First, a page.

Hollywood film academy head praises Ibero-American cinema

    13 de marzo de 2018

    Los Angeles, Mar 13 (efe-epa).- Ibero-American cinema has become a force to be reckoned with, John Bailey, president of the Academy of Motion Picture Arts and Sciences, told EFE here Tuesday following the announcement of the nominations for the 2018 Platino Prizes.

    "I know this is the fifth year. I wasn't very aware of the awards before, but ... it is just so clear that the world of Spanish- and Portuguese-speaking cinema is getting a much stronger voice in the world and one that needs to be heard," said Bailey, who collected one of the Platino statuettes awarded to the Academy as an institutional recognition.

    Even US media are paying close attention to Latin American film, he said.

    As an example, he cited the case of "Una mujer fantastica" (A Fantastic Woman), the winner of this year's Oscar for Best Foreign Language Film and nominated in nine categories for Platino Prizes.

    Bailey, a cinematographer, said in his remarks that early in his career he worked on the film "Boulevard Nights" (1979), a cult favorite with the Latino public, and that his latest production was "How to Be a Latin Lover" (2017), directed and starred in by Eugenio Derbez, who will be the presenter of the Platino Prizes on April 29 in Mexico's Riviera Maya resort district.

    During the tenure of former president Cheryl Boone Isaacs, the Academy two years ago announced a series of changes with the aim of doubling the number of women and people of assorted races within its ranks by 2020.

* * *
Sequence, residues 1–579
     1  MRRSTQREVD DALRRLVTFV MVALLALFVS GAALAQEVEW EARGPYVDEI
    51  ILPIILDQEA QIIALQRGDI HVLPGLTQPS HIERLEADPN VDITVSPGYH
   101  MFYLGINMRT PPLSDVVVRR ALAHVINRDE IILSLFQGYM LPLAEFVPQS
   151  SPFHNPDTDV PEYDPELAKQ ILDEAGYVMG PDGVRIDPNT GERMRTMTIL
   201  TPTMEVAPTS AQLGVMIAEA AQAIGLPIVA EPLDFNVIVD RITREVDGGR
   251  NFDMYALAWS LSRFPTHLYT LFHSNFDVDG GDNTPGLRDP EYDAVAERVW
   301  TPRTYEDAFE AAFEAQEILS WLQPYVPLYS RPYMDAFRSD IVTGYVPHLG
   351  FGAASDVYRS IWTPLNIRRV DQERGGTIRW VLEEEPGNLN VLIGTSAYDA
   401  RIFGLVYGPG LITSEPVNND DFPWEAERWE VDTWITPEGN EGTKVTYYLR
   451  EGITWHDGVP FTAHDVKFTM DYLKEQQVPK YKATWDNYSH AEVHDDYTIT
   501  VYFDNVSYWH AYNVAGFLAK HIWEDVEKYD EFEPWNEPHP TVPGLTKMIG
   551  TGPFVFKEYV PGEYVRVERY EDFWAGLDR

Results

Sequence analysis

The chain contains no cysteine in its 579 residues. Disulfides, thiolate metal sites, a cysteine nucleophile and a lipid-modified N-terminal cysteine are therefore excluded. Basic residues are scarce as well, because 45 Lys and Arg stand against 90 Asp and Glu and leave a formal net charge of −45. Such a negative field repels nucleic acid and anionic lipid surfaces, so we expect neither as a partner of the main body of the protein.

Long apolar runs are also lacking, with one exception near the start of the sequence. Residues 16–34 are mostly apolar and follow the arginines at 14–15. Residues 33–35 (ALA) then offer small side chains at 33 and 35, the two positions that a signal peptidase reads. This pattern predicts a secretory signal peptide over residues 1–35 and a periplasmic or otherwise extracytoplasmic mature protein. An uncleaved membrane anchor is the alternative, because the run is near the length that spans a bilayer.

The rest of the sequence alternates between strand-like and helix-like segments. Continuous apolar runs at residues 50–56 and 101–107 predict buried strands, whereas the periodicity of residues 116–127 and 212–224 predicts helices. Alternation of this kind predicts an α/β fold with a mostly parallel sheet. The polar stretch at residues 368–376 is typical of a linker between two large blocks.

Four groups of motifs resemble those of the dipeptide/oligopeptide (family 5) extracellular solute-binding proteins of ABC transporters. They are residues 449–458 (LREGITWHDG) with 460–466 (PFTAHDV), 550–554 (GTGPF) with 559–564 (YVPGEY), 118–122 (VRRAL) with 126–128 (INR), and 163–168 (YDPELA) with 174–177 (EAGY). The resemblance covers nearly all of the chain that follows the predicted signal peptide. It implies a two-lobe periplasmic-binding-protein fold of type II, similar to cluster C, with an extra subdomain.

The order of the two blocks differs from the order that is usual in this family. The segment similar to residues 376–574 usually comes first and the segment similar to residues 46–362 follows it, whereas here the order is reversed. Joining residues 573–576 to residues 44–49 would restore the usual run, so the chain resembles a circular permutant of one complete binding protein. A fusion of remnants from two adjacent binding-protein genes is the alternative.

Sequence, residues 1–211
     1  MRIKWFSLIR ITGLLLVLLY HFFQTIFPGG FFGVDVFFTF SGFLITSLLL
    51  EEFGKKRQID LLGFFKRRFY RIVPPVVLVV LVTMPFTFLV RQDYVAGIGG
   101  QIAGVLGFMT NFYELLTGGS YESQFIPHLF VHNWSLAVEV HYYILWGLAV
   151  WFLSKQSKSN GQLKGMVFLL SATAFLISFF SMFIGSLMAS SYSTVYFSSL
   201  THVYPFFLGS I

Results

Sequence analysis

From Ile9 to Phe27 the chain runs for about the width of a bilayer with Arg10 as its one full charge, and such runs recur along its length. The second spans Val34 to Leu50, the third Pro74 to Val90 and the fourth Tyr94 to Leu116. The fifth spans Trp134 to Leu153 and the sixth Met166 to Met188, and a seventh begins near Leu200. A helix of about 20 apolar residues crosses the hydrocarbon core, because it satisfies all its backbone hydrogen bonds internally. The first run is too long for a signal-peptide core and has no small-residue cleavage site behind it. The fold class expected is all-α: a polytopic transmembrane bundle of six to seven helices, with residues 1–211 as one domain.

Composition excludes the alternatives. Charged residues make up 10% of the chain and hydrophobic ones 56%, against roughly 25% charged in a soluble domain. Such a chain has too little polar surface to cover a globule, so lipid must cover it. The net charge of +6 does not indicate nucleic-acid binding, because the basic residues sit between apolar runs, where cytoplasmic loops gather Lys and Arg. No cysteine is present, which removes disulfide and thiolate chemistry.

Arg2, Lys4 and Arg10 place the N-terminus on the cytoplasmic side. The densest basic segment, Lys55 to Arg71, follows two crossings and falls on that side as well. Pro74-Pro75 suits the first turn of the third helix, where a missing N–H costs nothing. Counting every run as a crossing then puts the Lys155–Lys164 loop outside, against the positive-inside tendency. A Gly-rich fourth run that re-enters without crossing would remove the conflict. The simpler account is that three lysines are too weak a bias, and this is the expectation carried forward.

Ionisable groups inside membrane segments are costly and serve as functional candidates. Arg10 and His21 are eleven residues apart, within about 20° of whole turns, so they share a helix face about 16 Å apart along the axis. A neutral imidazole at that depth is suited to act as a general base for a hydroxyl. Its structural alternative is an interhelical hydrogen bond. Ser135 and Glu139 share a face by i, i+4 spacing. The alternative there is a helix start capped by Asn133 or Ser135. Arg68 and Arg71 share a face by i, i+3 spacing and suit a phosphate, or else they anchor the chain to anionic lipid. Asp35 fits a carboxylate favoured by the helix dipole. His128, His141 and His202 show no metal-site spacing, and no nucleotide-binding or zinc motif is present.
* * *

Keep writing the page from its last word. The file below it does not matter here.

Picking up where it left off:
Bailey, who has been Academy president since last August, said that reaching that goal is fundamental.

    "The Academy is very committed to increasing our representation on all ethnic and racial areas that have been underserved and underrepresented", he said.

    "This was a perfect opportunity for me to be able to speak to the whole Ibero-American world of cinema and let them know that the academy is aware and we are committed to achieve a better representation and better honoring Latin cinema," he added.

    Bailey emphasized the importance of the work carried out by the governors of each of the Academy's departments, who have the mission of continuing to increase diversity in their specific areas.

    For example, the Academy welcomed a record 774 new members from 57 countries. Of that number, 39 percent are women and 30 percent are people of color.

    "We have one governor now, Gregory Nava, who has been very active in bringing attention to Latino filmmakers, both American Latinos and Latino filmmakers around the world. We are looking in all 17 branches for new members to bring in," said Bailey, who recalled that he was recently in Madrid to see fellow cinematographer Jose Luis Alcaine, a new member of the Academy.

    Another new member is Mexican film editor, cinematographer, film director and screenwriter Ernesto Pardo.

    "This is just the tip of the iceberg. We need to find a lot more," Bailey said.